Where does papal infallibility start and end?

Here is what Vatican I says about Papal Infallibility:

when the Roman pontiff speaks EX CATHEDRA, that is, when,
1 - in the exercise of his office as shepherd and teacher of all Christians,
2 - in virtue of his supreme apostolic authority,
3 - he defines a doctrine concerning faith or morals to be held by the whole church,

he possesses, by the divine assistance promised to him in blessed Peter, that infallibility which the divine Redeemer willed his church to enjoy in defining doctrine concerning faith or morals.

Therefore, such definitions of the Roman pontiff are of themselves, and not by the consent of the church, irreformable.

With this in mind, I have the following questions:

1 - What does #1 and #2 tangibly mean? Assuming it was on faith or morals, which of the following from the pope would be considered infallible?

-When the pope uses the words “Ex Cathedra”
-Proclamations at an Ecumenical Council
-Proclamation at a local council
-Encyclicals
-Apostolic exhortations
-Papal Bulls
-Books
-Public letters
-Homilies
-Statements at weekly audiences
-Statements at misc teaching engagements
-Statements at misc public appearances (i.e. while traveling and visiting other countries)
-Private letters
-Private confessional counseling
-Private counseling

2 - After following the criteria from above, if one runs into seemingly contradictory statements, how do we know which one is correct?

3 - How do we know if a doctrine is held by the whole church? Who interprets this?

4 - What does it actually mean to “define doctrine”?

5 - Is there an easy way to know exactly what is infallible? If so, what is it? If not, why is the doctrine of papal infallibility meaningful?

For example, in 1950, with Munificentissimus Deus, Pope Pius XII’s infallible definition regarding the Assumption of Mary, there are attached these words:

Hence if anyone, which God forbid, should dare willfully to deny or to call into doubt that which We have defined, let him know that he has fallen away completely from the divine and Catholic Faith.

In July 2005 Pope Benedict XVI stated during an impromptu address to priests in Aosta that: “The Pope is not an oracle; he is infallible in very rare situations, as we know”.[16] His predecessor Pope John XXIII once remarked: “I am only infallible if I speak infallibly but I shall never do that, so I am not infallible”.[17] A doctrine proposed by a pope as his own opinion, not solemnly proclaimed as a doctrine of the Church, may be rejected as false, even if it is on a matter of faith and morals, and even more any view he expresses on other matters. A well-known example of a personal opinion on a matter of faith and morals that was taught by a pope but rejected by the Church is the view that Pope John XXII expressed on when the dead can reach the beatific vision.[18] The limitation on the pope’s infallibility “on other matters” is frequently illustrated by Cardinal James Gibbons’s recounting how the pope mistakenly called him Jibbons.[19][20][21][22][23]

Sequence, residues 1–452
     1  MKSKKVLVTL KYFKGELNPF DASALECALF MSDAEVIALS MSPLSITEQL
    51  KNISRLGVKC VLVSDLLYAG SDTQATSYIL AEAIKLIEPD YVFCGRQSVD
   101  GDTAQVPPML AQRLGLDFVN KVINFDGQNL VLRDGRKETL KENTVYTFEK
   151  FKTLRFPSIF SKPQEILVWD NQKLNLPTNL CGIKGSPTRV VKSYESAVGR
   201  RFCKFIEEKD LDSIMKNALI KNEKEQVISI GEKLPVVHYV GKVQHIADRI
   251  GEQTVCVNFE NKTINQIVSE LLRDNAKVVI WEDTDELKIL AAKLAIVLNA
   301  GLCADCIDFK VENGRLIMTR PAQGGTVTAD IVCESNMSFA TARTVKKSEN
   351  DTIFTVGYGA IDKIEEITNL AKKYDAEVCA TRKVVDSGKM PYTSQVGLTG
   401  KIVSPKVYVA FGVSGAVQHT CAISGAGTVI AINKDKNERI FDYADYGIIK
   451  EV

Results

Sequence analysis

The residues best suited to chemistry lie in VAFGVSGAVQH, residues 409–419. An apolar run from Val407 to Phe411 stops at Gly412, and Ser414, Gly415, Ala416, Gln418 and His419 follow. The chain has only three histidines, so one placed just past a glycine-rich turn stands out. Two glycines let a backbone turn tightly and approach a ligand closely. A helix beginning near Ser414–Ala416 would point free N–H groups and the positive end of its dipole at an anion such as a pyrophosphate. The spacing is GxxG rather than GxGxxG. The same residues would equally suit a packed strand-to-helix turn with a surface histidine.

Catholic theologians in general hold that the canonization of a saint by a pope is infallible teaching that the person canonized is definitely in heaven with God.
Catholic theologians agree that both Pope Pius IX’s 1854 definition of the dogma of the Immaculate Conception of Mary and Pope Pius XII’s 1950 definition of the dogma of the Assumption of Mary are instances of papal infallibility, a fact which has been confirmed by the Church’s magisterium.[69] However, theologians disagree about what other documents qualify.vatican.va/archive/hist_councils/ii_vatican_council/documents/vat-ii_const_19641121_lumen-gentium_en.html
ewtn.com/library/DOCTRINE/TRIGINFL.HTM

I believe most of your questions are answered in the Infallibility article in the Catholic Encyclopedia.
newadvent.org/cathen/07790a.htm

It starts at matters of faith and morals explicitly revealed to be infallible and it ends at heresy. The Pope, could not, for example, teach Sola Fide or any of what Luther thought, as dogma and claim to be infallible.

Thanks. A lot of that coincides with my current understanding.

The form of the communication doesn’t matter per se, so it’s impossible to say that all encyclicals or all bulls are infallible, for example.

The private communications can be discounted because they are not addressed to the entire Church. Ditto anything that advises on a merely local situation, or makes rules that are only to be followed in a certain time or place. (Mind, the Pope still has authority to make all kinds of decisions and rules without invoking infallibility, and is to be obeyed by the faithful unless he commands sin.)

“Ex cathedra” means “from the chair,” and means that the Pope is speaking as the Pope, not merely giving his opinion as a theologian or a priest or a human being. It’s not something the Pope says to indicate an infallible statement.

It doesn’t say “a doctrine that is held by the whole church”; it says “a doctrine that is to be held by the whole church.” What matters is that the Pope is proclaiming that a particular teaching is to be adhered to by all Catholics everywhere, not that every Catholic actually obeys.

To define doctrine is to set the parameters of acceptable belief within the Church, usually on a contested issue. The First Council of Nicea defined the relationship between God the Father and God the Son in terms that staked out the orthodox position in comtradistinction to the Arian position. The two most recently (and papally) defined Marian doctrines establish that no Catholic may deny the Immaculate Conception or the Assumption of Our Lady.